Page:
JARRETT: The White House Correspondents' Dinner returns this weekend after a two-year pandemic-driven hiatus. President Biden will attend but given some of the renewed anxiety about COVID-19, the White House press secretary Jen Psaki says they're going to take extra precautions.


JEN PSAKI, WHITE HOUSE PRESS SECRETARY: I would expect that he may wear a mask when he's not speaking. I'll wear a mask when I'm at the dinner in all likelihood. And we also took steps, including the fact that he's not attending for the eating portion of the dinner.

And he'll be there for the program, which includes a number of speakers, the presentation of scholarships, as you know -- and, of course, his speaking and his roasting where he will be on the menu as he likes to say.

Just like anything, it's a risk assessment and a decision he made on a personal basis.


JARRETT: The president's top medical adviser, Dr. Anthony Fauci, is skipping the event, however, over COVID concerns, telling CNN at 81, he's at a much higher risk if infected.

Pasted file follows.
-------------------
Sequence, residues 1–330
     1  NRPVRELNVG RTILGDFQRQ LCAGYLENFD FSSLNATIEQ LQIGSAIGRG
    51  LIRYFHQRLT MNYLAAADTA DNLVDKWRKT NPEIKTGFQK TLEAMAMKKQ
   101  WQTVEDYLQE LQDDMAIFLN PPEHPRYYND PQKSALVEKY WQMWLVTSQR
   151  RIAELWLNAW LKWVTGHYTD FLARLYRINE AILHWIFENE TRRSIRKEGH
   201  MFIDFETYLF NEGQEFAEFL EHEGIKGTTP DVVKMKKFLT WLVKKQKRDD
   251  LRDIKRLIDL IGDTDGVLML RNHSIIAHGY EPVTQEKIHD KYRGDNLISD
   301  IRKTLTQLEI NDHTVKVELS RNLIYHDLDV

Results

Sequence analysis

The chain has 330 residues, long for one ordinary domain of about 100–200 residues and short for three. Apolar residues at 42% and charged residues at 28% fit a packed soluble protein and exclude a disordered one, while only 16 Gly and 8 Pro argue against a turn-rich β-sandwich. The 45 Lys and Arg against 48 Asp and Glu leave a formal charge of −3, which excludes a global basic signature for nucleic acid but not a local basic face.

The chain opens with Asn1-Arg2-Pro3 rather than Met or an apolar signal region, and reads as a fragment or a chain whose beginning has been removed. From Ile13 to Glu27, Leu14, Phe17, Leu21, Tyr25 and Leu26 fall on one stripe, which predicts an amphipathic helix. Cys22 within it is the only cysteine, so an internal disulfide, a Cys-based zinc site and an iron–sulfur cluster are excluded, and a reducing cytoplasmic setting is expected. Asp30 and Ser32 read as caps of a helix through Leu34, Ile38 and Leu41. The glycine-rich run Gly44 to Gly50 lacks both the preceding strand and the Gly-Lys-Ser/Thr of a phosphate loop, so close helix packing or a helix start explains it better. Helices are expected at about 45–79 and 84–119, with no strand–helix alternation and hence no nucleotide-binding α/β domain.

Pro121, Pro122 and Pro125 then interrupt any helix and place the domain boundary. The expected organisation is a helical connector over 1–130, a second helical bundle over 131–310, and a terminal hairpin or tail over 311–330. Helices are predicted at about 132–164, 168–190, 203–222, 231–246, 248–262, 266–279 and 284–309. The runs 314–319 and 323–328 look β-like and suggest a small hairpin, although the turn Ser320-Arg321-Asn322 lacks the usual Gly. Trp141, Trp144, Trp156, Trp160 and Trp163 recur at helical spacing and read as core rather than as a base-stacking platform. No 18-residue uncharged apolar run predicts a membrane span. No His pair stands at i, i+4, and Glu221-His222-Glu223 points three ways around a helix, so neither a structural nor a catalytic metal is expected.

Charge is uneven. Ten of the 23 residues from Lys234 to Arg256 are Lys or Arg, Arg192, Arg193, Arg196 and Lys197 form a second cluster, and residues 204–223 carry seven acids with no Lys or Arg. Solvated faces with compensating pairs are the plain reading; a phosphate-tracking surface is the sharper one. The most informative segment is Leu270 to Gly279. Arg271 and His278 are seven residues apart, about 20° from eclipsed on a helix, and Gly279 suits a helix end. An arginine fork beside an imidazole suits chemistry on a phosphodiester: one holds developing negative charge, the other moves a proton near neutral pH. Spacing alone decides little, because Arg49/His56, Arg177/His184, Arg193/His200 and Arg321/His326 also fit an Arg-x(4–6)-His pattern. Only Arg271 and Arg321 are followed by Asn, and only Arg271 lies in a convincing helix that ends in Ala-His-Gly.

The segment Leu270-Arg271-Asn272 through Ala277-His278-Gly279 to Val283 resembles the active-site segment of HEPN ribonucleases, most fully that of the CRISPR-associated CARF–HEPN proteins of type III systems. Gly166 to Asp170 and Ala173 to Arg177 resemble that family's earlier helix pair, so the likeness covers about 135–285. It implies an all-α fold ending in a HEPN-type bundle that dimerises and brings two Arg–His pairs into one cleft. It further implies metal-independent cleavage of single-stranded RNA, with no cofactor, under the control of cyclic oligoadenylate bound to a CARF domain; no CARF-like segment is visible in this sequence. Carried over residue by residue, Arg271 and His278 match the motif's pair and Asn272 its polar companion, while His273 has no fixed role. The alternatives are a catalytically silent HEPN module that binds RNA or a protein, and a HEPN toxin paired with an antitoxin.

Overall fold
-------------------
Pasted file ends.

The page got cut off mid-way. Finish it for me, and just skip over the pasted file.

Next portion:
Fauci raised some eyebrows Tuesday after telling PBS the pandemic is over. He later clarified that remark, saying he believes the country is moving into a more controlled transition phase.

And finally, maybe you saw an interview we did a few weeks back with two Ukrainians running an organization called Zoo Patrol. That organization rescues pets in Kyiv left behind by their owners who have been fleeing this Russian invasion. They told us one big problem was feeding the hundreds of dogs and cats in their care.

After our story ran, organizations and individuals around the world rescued the rescuers sending the Zoo Patrol tons of pet food, including kangaroo meat from Australia, and more than $50,000 in donations.

Love to see that. If you want to reach out and help the people of Ukraine, visit

Thanks so much for joining me. I'm Laura Jarrett. "NEW DAY" starts right now.

ANNOUNCER: This is CNN breaking news.